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March 12, 1992 - Image 12

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The Michigan Daily, 1992-03-12

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Page 4-The Michigan Daily-Weekend etc. -March 12,1992

_ _ _

Sound bites and fake smiles
by Stephen Henderson
n the past few months, my TV screen has been bombarded with news
about the 1992 presidential campaign. And coverage of the several
candidates' campaign appearances stepped up another notch this week
because of Super Tuesday and the upcoming primary here in Michigan.
But as often as I see the candidates on the news, and as "in-depth" as the
three major news networks may think their coverage has been, I feel like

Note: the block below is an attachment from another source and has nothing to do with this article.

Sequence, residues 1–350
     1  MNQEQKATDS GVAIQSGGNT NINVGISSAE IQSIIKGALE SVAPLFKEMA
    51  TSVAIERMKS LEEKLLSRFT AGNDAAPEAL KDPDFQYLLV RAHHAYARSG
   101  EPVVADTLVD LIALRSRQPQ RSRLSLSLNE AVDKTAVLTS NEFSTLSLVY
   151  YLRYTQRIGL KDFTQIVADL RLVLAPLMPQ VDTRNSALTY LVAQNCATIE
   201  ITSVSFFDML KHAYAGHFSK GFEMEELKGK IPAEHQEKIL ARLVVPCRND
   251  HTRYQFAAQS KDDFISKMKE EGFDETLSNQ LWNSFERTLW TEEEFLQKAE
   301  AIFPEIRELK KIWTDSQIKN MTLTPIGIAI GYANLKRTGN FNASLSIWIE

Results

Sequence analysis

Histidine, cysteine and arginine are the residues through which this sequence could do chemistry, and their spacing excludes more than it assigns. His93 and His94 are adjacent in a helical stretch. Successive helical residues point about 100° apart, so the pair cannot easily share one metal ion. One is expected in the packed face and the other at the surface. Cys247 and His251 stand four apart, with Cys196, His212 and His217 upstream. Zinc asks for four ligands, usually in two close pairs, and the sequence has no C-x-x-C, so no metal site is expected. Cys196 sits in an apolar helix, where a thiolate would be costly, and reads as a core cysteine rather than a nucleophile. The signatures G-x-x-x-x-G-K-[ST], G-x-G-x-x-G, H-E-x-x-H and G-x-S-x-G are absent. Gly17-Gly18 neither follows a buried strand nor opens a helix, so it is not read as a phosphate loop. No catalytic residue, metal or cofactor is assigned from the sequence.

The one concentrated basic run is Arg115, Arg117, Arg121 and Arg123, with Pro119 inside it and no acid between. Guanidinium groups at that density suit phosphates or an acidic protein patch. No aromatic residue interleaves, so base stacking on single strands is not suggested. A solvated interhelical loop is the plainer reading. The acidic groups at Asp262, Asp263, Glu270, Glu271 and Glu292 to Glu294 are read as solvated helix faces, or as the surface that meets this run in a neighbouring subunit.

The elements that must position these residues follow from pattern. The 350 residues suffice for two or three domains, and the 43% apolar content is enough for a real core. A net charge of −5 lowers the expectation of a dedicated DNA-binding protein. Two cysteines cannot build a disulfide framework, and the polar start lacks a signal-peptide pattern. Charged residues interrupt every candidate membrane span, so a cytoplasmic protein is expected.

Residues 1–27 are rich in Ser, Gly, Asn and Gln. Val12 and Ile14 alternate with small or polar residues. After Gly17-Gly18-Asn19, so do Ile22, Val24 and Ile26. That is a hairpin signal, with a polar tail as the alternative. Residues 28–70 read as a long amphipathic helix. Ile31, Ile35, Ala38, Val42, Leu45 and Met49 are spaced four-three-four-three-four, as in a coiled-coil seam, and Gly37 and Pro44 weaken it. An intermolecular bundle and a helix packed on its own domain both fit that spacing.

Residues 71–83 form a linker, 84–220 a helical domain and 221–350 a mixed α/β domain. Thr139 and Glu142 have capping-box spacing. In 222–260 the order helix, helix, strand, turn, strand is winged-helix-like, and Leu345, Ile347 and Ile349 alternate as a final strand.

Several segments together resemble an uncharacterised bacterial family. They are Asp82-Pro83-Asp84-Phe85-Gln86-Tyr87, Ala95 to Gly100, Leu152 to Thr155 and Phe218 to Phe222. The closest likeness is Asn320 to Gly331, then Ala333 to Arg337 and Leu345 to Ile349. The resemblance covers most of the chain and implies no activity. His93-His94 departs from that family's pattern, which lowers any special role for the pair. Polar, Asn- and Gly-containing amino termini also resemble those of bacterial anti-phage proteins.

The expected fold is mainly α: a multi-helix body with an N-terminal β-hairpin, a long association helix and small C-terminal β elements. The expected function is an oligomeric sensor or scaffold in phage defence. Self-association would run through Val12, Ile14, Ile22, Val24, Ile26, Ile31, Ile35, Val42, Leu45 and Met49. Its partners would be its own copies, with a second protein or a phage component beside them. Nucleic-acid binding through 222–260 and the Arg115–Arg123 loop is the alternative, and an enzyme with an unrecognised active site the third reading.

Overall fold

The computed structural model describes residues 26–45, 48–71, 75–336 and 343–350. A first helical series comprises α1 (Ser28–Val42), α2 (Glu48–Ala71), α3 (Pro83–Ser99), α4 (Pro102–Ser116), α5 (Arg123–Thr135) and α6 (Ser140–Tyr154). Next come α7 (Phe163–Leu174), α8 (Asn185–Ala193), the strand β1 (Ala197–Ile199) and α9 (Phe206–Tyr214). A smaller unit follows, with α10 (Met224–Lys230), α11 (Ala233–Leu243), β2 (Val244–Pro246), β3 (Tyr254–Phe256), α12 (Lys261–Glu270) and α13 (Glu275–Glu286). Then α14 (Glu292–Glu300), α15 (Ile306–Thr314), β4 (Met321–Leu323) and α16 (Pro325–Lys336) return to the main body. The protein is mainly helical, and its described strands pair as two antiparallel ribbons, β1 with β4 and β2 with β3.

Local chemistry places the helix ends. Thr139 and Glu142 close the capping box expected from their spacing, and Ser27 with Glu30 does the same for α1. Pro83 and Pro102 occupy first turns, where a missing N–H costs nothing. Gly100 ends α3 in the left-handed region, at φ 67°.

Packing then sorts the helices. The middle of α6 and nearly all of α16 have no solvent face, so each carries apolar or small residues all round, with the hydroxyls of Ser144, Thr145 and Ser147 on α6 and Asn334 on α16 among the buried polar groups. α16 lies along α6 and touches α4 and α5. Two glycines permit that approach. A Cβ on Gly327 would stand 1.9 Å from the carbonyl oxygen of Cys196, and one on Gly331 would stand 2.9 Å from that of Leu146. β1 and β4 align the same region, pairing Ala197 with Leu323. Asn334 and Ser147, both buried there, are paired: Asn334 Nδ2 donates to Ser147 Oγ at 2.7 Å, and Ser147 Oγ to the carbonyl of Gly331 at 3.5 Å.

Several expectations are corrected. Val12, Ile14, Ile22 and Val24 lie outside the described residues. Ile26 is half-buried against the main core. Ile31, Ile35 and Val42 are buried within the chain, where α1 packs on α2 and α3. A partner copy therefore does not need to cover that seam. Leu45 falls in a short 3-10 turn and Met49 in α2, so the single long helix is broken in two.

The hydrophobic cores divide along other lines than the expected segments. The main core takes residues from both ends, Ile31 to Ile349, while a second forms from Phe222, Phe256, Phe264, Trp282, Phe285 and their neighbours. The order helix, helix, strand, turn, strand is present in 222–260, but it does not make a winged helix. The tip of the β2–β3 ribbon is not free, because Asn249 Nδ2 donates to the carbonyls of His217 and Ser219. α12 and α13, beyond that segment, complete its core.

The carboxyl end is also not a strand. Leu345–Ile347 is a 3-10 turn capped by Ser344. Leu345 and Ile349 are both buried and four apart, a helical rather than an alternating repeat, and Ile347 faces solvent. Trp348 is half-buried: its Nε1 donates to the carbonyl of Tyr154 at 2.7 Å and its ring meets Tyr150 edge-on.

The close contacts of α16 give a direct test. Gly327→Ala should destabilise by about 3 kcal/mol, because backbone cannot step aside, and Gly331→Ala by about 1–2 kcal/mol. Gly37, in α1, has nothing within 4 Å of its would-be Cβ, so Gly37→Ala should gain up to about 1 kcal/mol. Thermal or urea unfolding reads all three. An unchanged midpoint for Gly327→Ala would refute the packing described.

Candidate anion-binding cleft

I've been short-changed as a viewer.
Network news has portrayed the candidates as little more than smiling
faces who cough up a 20-second sound bite every now and then. I see them
shaking hands with voters or getting on and off planes, and we hear them
offer an abrupt response to some reporter's question, but I rarely, if ever,
catch them offering an insightful look into their platforms or character.
President Bush rarely appears on a nightly newscast doing anything
more than responding to the polls that reflect his flagging popularity. And
fellow Republican, Pat Buchanan, is seen as little more than a xenophobic
malcontent who'd be more at home at a KKK rally than in the capital.
Worst of all has been the coverage
of the Democratic candidates, which
has simply lumped them together. Ac-
cording to whatgets on ABC, CBS and
NBC every evening, Paul Tsongas,
Bill Clinton and Jerry Brown aren't.
individual candidates with individual
ideas; they're part of a nondescript